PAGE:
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War on Gaza: How British media favours the Israeli narrative

New report shows a widespread failure to represent Palestinian voices and concerns in the ongoing conflict
Protesters holding Israeli flags take part in a demonstration outside the BBC headquarters in London on 4 February 2024 (Henry Nicholls/AFP)
Protesters holding Israeli flags take part in a demonstration outside the BBC headquarters in London on 4 February 2024 (Henry Nicholls/AFP)

In the first month of the war on Gaza, the media used terms such as “slaughter”, “massacres” and “atrocities” to describe the killing of Israelis around 11 times more often than they did to describe the killing of Palestinians.

This is among the findings of a new report analysing coverage of the war on Gaza from the Centre for Media Monitoring, which looks at representations of Muslims in British media. The report comes as the death toll in Gaza soars past 30,000.

Journalists at the BBC last year wrote a letter highlighting what they described as bias in the broadcaster’s coverage of the war - and they certainly have a point. 

Still, some pro-Israel advocates remain dissatisfied, suggesting that certain terms should be exclusive to the 7 October Hamas attacks. In one example cited in the centre’s report, a Conservative politician accused a mainstream British journalist of using “emotive language” when he called the killing of Palestinians in Gaza a “slaughter”.

Indeed, an analysis of British media coverage shows a widespread failure to represent Palestinian voices and concerns, with almost three-quarters of attributions across broadcast television favouring an Israeli source or viewpoint.

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The report shows an imbalance that prioritises Israeli narratives, in a conflict where competing claims have always been difficult for journalists to navigate. The unequal framing has led to repeated demands on television guests and commentators to acknowledge Israel’s “right” to defend itself, referenced more than five times as often as the right of Palestinians to defend themselves.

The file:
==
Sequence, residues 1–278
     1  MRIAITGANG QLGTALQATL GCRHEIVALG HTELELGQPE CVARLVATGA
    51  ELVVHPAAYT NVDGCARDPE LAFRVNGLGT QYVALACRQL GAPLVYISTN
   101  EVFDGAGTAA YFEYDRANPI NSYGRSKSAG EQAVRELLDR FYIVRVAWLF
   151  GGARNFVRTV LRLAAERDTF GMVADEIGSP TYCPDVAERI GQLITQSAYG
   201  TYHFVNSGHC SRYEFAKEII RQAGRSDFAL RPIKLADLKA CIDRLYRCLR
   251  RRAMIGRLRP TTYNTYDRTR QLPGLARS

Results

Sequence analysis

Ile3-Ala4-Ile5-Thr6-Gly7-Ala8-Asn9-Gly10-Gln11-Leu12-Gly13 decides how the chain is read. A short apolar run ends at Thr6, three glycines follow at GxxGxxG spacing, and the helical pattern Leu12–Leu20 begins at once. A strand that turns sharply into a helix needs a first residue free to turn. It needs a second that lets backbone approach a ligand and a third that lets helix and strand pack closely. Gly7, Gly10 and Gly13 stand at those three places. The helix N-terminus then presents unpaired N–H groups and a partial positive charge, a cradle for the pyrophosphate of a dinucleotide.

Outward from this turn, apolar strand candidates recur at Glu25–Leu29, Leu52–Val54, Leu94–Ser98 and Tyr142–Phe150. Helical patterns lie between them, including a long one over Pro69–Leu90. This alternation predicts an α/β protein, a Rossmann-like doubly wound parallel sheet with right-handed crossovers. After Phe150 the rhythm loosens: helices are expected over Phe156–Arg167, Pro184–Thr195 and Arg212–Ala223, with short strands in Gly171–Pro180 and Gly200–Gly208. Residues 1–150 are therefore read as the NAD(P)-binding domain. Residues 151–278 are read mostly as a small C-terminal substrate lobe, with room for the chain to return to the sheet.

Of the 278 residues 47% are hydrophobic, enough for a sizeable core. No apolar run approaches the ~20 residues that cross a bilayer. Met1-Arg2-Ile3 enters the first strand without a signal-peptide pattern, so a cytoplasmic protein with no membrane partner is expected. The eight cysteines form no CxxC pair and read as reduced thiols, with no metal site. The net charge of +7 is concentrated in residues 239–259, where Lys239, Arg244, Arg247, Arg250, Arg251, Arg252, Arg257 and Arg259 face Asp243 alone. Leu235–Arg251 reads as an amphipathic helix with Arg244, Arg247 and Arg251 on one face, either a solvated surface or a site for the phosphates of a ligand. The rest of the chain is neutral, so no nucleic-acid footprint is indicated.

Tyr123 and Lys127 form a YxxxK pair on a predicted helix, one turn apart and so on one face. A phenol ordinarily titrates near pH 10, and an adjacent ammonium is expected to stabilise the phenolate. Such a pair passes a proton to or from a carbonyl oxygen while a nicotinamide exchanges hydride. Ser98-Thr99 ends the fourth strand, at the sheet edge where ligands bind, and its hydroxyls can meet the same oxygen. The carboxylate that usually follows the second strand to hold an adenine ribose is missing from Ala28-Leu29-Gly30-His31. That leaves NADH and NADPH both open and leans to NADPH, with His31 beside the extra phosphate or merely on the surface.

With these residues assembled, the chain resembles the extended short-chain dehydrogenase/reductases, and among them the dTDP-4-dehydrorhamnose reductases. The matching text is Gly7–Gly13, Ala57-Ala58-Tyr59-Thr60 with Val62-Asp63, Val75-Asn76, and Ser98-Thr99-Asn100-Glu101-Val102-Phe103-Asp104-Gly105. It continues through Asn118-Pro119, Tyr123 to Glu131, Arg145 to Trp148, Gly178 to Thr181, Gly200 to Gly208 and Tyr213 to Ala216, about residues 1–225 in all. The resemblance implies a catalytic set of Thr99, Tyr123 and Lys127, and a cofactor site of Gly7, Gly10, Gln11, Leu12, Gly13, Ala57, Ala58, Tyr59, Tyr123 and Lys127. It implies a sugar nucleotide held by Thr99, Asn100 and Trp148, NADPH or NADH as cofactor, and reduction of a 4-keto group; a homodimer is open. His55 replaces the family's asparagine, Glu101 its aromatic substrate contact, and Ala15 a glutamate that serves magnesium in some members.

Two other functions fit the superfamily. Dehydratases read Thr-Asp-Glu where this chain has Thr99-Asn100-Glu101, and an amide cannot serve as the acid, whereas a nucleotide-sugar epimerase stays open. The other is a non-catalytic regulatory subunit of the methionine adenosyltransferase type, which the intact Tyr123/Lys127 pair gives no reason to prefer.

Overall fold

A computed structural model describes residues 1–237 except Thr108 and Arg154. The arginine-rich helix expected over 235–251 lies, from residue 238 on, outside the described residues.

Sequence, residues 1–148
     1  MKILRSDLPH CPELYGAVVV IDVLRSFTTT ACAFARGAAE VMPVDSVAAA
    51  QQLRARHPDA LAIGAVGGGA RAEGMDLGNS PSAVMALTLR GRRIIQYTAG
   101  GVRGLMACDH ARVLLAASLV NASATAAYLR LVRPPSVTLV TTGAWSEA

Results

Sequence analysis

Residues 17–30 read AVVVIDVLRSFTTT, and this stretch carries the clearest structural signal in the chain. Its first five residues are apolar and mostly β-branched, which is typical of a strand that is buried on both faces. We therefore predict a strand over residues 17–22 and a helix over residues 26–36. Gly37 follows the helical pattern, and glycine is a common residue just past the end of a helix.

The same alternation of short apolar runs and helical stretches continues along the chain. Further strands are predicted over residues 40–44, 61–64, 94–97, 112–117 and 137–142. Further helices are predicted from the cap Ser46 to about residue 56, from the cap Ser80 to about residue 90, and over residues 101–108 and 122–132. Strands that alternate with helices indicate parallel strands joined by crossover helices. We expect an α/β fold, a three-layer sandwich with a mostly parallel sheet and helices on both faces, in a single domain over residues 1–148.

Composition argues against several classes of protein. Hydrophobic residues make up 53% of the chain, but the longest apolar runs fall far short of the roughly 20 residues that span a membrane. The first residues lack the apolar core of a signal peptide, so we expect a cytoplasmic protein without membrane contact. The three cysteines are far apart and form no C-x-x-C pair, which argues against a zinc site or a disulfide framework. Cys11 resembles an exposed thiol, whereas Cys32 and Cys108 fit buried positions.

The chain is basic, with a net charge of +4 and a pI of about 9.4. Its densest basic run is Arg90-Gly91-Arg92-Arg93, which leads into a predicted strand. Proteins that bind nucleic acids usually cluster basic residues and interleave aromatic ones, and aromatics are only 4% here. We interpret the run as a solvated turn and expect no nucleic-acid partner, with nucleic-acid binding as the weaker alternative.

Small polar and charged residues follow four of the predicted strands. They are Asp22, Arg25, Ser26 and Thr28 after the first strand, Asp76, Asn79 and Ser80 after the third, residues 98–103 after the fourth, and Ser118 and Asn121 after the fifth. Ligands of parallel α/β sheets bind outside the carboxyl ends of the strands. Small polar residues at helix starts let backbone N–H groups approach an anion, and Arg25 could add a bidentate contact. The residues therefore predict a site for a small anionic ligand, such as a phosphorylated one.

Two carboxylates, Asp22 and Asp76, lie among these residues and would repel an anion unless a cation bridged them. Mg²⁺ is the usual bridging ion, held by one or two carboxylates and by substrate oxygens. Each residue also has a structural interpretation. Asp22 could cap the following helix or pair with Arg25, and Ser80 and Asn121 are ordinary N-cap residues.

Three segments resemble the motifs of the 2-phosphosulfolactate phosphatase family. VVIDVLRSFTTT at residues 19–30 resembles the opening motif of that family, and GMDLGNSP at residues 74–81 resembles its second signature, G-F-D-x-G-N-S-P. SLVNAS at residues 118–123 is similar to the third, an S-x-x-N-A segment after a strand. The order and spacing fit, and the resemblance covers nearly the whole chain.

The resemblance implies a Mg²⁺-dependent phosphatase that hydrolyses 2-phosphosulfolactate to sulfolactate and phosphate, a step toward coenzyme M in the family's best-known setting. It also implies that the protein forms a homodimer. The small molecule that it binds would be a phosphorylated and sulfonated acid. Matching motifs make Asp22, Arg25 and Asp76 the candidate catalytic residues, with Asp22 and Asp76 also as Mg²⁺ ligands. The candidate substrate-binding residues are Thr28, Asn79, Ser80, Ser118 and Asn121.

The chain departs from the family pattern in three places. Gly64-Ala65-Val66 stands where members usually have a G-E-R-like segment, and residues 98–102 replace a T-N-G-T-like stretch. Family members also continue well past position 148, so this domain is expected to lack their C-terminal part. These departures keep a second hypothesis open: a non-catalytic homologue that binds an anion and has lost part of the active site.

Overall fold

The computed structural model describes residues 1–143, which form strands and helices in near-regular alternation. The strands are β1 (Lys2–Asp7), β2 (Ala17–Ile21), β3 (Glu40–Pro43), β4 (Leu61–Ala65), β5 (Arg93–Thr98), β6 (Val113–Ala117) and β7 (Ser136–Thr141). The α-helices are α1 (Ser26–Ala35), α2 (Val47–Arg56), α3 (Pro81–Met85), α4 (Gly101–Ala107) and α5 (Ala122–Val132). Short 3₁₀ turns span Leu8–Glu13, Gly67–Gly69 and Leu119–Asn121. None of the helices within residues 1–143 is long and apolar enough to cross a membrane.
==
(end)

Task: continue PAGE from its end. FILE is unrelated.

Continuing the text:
As the writer and trade unionist Andrew Fisher retorted on the BBC: “We’ve heard Israel has the right to defend itself, does Palestine?”

Lack of context

Looking at the extent of coverage has been challenging, with more than 176,000 broadcast news clips and almost 26,000 online news articles appearing in just one month after the 7 October attacks. 

But clear patterns emerged. Despite the fact that the conflict consists of an occupying state and an occupied people, one international broadcaster (Al Jazeera English) made more mentions of “occupied territories” than all British news channels combined. Out of nearly 100,000 references to Gaza, there were just 28 mentions of “occupied Gaza” - a de facto situation amid Israel’s siege - and half of those were on Al Jazeera English. 

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This speaks to a larger issue with media coverage, namely a lack of context, despite efforts by Palestinians to remind viewers and readers that they have suffered repeated massacres and humiliations in the 75 years before 7 October. Some have been subsequently accused of trying to justify the Hamas attacks. 

Islamophobia, which has been described as a major factor in the defence of genocide, has been widespread across right-leaning media